People Back 'Petty' Homeowner Embroiled in Dispute With HOA Over Hinges

Article Courtesy of  NEWSWEEK
By Rebecca Flood
Published April 1, 2022



A resident claims to be embroiled in a drama with their Homeowners Association (HOA) that started off as a query about decorative hinges.

The homeowner, based in Fort Myers, Florida, has been sharing a series of clips to their TikTok account, @keyrealtors, documenting the saga with the HOA, thought to be Castle Group.

Earlier this month, they posted a video, explaining: "My homeowners association denied my decorative garage door hinges."

"When I asked if everyone with a decorative wall hanging applied for approval, the board changed the rules and removed decorative wall décor from needing approval. Checkmate."

They ended the video by filming the side of their home, where they appeared to have mounted a garage door—complete with hinges—resembling the design of their functional garage.

In a series of follow-up clips, they recorded the new addition to their home, writing: "They try to say it isn't art but those who know..." While they zoomed in on a fake "Picasso" signature they'd added at the bottom.

However the artwork didn't seem to go down well with the HOA, as it posted a further update claiming: "The board changed the rules again! They removed the wall décor exception."

They filmed reams of documents, including letters, highlighting a section that said: "If the wall décor or plaque exceed 30"x30" or 900 sq ft, ARC approval is required."

The TikToker captioned the follow-up clip, posted on Friday, with: "My HOA caught wind of pt.1 when it went viral. They changed rules again to further target me after I beat them at their own game."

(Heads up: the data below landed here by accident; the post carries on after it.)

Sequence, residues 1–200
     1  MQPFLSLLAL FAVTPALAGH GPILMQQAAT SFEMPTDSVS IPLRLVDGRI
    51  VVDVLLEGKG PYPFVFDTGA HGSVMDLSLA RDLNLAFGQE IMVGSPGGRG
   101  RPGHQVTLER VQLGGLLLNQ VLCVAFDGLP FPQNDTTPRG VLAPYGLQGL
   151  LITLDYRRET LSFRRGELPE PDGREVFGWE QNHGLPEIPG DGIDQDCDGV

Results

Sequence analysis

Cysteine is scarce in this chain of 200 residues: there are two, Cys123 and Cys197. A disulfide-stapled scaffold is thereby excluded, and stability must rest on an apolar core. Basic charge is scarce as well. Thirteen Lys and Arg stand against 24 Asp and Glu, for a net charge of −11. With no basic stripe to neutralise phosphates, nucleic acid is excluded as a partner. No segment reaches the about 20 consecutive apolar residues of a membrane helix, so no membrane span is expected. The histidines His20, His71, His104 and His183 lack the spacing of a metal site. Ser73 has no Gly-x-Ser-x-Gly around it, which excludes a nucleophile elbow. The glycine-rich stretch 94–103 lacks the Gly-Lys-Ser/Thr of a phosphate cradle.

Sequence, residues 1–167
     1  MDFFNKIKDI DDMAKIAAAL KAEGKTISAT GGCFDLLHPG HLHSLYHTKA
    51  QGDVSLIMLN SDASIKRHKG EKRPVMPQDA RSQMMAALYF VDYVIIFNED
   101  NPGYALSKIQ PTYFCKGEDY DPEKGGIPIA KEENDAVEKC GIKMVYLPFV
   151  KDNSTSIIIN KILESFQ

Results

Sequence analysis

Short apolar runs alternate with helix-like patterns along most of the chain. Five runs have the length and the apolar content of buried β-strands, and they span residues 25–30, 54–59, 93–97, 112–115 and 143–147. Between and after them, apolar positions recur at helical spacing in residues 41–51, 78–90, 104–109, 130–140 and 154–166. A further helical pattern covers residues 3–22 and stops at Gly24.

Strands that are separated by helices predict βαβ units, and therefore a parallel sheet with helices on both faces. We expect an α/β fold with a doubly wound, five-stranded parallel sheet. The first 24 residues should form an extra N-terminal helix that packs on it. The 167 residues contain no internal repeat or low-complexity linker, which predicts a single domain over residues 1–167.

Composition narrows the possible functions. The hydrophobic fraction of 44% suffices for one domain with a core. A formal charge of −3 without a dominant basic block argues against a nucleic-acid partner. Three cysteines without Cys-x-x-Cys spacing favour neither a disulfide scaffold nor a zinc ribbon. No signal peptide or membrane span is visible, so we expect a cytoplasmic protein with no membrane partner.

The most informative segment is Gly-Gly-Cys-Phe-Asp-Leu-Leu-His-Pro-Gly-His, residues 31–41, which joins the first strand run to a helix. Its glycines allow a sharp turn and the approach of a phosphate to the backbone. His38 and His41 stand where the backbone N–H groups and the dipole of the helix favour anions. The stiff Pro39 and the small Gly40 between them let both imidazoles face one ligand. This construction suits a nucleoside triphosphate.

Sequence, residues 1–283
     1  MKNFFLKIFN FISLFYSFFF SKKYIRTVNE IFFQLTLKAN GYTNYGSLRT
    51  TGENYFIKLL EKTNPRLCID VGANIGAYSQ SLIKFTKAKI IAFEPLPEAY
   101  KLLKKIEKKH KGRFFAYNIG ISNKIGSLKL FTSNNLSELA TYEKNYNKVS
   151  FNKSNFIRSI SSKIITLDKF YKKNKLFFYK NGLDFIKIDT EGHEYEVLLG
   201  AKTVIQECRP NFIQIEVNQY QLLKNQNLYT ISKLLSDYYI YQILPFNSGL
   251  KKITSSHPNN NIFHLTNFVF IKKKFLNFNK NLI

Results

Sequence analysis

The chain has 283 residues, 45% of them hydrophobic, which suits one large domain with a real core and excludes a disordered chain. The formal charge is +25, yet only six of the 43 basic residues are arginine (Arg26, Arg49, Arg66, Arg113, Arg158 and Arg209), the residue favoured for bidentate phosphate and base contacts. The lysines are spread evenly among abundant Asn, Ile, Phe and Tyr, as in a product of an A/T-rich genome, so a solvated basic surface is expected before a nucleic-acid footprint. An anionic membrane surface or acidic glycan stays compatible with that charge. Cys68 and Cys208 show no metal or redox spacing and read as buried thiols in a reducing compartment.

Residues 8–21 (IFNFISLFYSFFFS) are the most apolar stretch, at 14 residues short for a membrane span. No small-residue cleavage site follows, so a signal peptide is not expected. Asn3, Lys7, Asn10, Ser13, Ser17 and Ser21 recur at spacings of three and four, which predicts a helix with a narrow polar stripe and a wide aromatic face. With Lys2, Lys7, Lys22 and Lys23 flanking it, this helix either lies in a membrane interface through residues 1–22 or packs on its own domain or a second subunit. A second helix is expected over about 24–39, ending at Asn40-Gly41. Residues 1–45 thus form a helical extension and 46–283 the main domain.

Need to Apply

The on-screen text from the video continued: "They sent a new violation letter for my Picasso wall décor saying I was supposed to apply for the modification."

An excerpt from a letter stated: "Specifically, you have permanently attached a garage door to your house and failed to request approval from the Architectural Review Committee."

My HOA caught wind of pt.1 when it went viral. They changed rules again to further target me after I beat them at their own game.


The video continued: "They met with the association attorney to review the mess they got themselves into. The board added me as a violation on the meeting agenda but when it came time to discuss they wouldn't say a single word."

And they confirmed their now-viral TikTok had been spotted, continuing: "Then the board saw part 1 with 100,000 likes and over 1 million views.

"Part 1 really hit a nerve so the board escalated right to trying to sue me to take down the Picasso. Still hanging proud, stay tuned for part 3."

The original clip—the part one—has been seen more than 4 million times, and can be viewed here, while the follow-ups have garnered more than 320,000 views in total.

Numerous people have commented on the drama, praising the homeowner for their "pettiness" over the issue.

According to research published in 2021 from iProperty Management, 58 per cent of homeowners live in HOAs in the U.S., with $250 the average monthly fee for a single family home.

They said: "California and Florida have the highest number of HOAs nationwide, with 97,700 between them. Florida has the highest concentration of community associations, with 67.3% of homeowners belonging to an HOA."

They've become increasingly popular, with 74.5% of homes sold in 2019 part of HOAs.

"From 2018 to 2019, HOA resident populations grew 0.54% as homeownership rates remained stagnate," they explained.

While 70 per cent of HOA residents claims to have a good experience, they noted that potential hidden costs can include "fines for property that does not comply with community regulations."